ICM 1/32 AH-1G Cobra Build Review
By Michael Benolkin
|Date of Review||September 2021||Manufacturer||ICM|
|Subject||Bell AH-1G Cobra||Scale||1/32|
|Kit Number||32060||Primary Media||Styrene|
|Pros||Easy build, nice details||Cons||See text|
|Skill Level||Basic||MSRP (USD)||$108.00|
Earlier this year, ICM released the first new-tool kit of the single-engine AH-1 Cobra in 1/32 scale, the only other option being the venerable Revell kit released back in the early 1960s, also in 1/32 scale. One might automatically assume that the ICM kit is superior to the Revell kit, but that is more subjective in this case. The ICM kit seems to have an 'MSRP' of around $108 in the US, while the Revell kit can be found at kit swaps for next to nothing, if you don't have one already stashed away in your collection. The ICM kit consists of five parts trees molded in gray styrene plus one tree of clear parts. The fit of the fuselage is great, the details in the cockpits are better than the Revell kit, and the clear cockpit enclosure is thinner and clearer than the Revell kit. In fact, the cockpit entry doors are positionable on the ICM kit, not so with the Revell offering. That allows one to see the more accurate details inside both cockpits of the ICM kit. The Revell kit has positionable engine access doors with representations of the Lycoming T53 engine and transmission inside. The ICM kit only offers a positionable access door to the transmission. So is the ICM kit around $60-$70 better than the Revell kit? You be the judge.
On the plus side, the ICM kit has parts for both an early production aircraft (tail rotor on the left side) and the late production (tail rotor on the right side) as well as a variety of details unique to early, mid, and late production variants. The instructions and decals are only for the early production examples, but with some good reference photos, you can figure out how to render a later example as we're going to do here. On the downside, a little bit of scratch-building will be required to make the model (early or late version) correct as it is missing the sand shields on the rotor head, and the pilot's gunsight is a shape atop the instrument cluster without controls or combining glass. I'm sure there are a few other details along the way that we'll also deal with (or not).
What drew me to this project was the Quinta Studio cockpit detail set, so the first step was to remove all of the molded-on details on the instrument panels and side consoles before applying the base coat.
While the paint is drying in the cockpit, I glued the late-model tail to the fuselage halves and test-fit the fuselage to ensure that everything aligns. I also assembled the exhaust deflector that protected the aircraft from the shoulder-fired SA-7 missiles.
I could have simply added the Quinta Studio parts to the cockpits and the results would have been stunning, but I was concerned that the painting recommendations provided by the kit instructions were a bit too simplistic. I grabbed a copy off my shelf of the Walk Around AH-1 Cobra (Wayne Mutza) and used the color photos to replicate the color/feel of the interior. The combination of the Quinta Studio set plus some detail painting really made the difference.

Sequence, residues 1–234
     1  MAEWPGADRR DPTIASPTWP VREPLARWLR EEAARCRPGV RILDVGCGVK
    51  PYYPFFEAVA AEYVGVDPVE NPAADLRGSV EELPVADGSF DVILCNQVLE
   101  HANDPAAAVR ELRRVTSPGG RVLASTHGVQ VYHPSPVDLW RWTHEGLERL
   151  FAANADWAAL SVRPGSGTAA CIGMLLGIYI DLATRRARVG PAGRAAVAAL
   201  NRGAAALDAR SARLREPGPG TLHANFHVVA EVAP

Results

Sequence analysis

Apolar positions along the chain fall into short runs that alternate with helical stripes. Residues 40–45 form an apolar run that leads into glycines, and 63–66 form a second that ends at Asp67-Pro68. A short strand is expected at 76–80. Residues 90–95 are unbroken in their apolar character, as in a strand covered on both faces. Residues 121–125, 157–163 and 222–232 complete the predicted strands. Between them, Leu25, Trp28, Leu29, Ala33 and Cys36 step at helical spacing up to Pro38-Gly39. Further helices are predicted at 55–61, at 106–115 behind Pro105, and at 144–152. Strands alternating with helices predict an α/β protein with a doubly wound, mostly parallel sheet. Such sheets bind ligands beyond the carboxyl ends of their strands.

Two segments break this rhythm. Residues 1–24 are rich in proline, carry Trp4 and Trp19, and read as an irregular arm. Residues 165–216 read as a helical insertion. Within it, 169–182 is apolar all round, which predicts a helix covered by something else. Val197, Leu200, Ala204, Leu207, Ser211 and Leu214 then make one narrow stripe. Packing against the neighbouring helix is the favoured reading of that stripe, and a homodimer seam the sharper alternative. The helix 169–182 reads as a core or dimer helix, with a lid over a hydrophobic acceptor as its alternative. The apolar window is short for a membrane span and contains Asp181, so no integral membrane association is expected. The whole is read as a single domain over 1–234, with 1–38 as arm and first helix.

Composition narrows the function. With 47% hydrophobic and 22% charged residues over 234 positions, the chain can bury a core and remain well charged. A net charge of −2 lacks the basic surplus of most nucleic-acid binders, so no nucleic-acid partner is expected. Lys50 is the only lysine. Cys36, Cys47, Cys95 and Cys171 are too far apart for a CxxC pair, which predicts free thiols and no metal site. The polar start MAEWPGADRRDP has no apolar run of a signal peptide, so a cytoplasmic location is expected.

Here's a closer look into the front and rear cockpits and how nice those instrument panels, side consoles, and crew restraints look installed. I also added a few details and a combining glass to the pilot's gunsight. I also added some pastel powder to 'dirty up' the floors since the aircraft usually operated from less than pristine facilities.
The fuselage interior behind the cockpit has been painted chromate yellow along with the bulkheads/floors of the transmission compartment while the transmission and air filter were painted aluminum. I briefly considered stealing the engine out of my Revell kit and having one set of doors open to reveal the engine and transmission, but instead, I'm opting to close the access doors and focus on the upcoming paint scheme work.
After building the transmission (doghouse) compartment, it was time to put the fuselage halves together. I followed the instructions and nothing seemed to work as the kit would not fit together with the transmission compartment and cockpit installed. Time for Plan B: remove the cockpits, leave the cockpit rear bulkhead in place, keep the doghouse compartment in place as best as possible, then calmly go to the rear of the aircraft. I glued the tail and tail boom, and used clamps to keep them together. Moving forward, the engine exhaust had shifted in the previous hand-to-hand combat, so re-glued that into position and glued the rear of the doghouse from underneath. I let that all set up before moving to the doghouse compartment, adjusting the position of those parts before gluing/re-gluing them and clamping, then set it all aside (again). Since the forward fuselage is not yet glued, the cockpit will slide in from the front and can be glued before we move back to our regularly scheduled kit instructions. The first words in those instructions for assembling the fuselage should have read: stop chewing gum and take your time! Note: Given time, the Tamiya Extra Thin Cement and clamps work well. There was no need of cyano nor filler, just overcoming some awkward assemblies.
To be continued - stay tuned!